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Showing posts by: Daniel Abraham click to see Daniel Abraham's profile
Thu
Oct 10 2013 11:00am
Excerpt

Balfour and Meriwether in The Incident of the Harrowmoor Dogs (Excerpt)

Daniel Abraham

Balfour and Meriwether Daniel Abraham Check out Balfour and Meriwether in the Incident of the Harrowmoor Dogs, the first novella-length work in the Balfour and Meriwether stories by author Daniel Abraham. Available October 31st from Subterranean Press.

When a private envoy of the queen and member of Lord Carmichael's discreet service goes missing, Balfour and Meriwether are asked to look into the affair.  They will find a labyrinth of dreams, horrors risen from hell, prophecy, sexual perversion, and an abandoned farmhouse on the moors outside Harrowmoor Sanitarium.  The earth itself will bare its secrets and the Empire itself will tremble in the face of the hidden dangers they discover, but the greatest peril is the one they have brought with them...

[Read an Excerpt]

Wed
Jan 16 2013 10:00am
Original Story

When We Were Heroes

George R. R. Martin’s Wild Cards multi-author shared-world universe has been thrilling readers for over 25 years. Now, in addition to overseeing the ongoing publication of new Wild Cards books (like 2011’s Fort Freak), Martin is also commissioning and editing new Wild Cards stories for publication on Tor.com!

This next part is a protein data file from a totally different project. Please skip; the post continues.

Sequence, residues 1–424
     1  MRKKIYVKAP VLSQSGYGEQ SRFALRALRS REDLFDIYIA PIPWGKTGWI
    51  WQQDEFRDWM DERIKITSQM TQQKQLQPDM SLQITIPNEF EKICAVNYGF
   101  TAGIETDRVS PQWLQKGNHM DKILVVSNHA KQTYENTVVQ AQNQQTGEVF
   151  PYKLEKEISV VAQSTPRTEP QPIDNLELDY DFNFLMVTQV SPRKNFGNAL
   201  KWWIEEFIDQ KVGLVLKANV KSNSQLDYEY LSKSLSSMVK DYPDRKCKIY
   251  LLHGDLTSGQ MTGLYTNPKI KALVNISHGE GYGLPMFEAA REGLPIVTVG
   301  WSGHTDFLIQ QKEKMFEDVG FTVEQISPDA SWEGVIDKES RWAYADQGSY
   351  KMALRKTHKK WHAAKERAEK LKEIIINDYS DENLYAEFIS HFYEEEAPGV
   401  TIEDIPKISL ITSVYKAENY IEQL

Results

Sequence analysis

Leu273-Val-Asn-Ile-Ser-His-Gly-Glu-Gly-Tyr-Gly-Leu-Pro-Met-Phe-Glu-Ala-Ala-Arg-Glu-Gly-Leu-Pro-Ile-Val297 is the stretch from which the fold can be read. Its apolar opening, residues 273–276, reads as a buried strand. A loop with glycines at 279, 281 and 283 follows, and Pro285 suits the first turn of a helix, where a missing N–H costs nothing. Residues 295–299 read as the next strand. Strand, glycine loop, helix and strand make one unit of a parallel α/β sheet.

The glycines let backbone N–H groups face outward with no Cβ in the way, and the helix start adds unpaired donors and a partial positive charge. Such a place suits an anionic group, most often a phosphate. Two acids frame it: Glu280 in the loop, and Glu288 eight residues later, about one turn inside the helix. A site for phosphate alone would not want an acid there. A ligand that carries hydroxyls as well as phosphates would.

Daniel Abraham’s “When We Were Heroes” is an affecting examination of celebrity, privacy, and the different ways people deal with notoriety and fame—problems not made easier when what you’re famous for are superpowers that even you don’t fully understand.

[Read “When We Were Heroes”]

Wed
Jun 8 2011 5:12pm

Wild Cards Author Q&A: Daniel Abraham

Q. Tell us a little bit about yourself and your experience with Wild Cards.

A. I started off as a Wild Cards fan when the first book came out. I remember being especially blown away by Walter’s story “Witness”. The series got pretty dark for a while there, and when George invited me to come play, I had the idea that I wanted to champion the light comic Wild Cards story, which in practice meant my first story had a gang war, an abused hooker fleeing for her life from professional killers, and a recovering alcoholic priest. But, y’know, funny.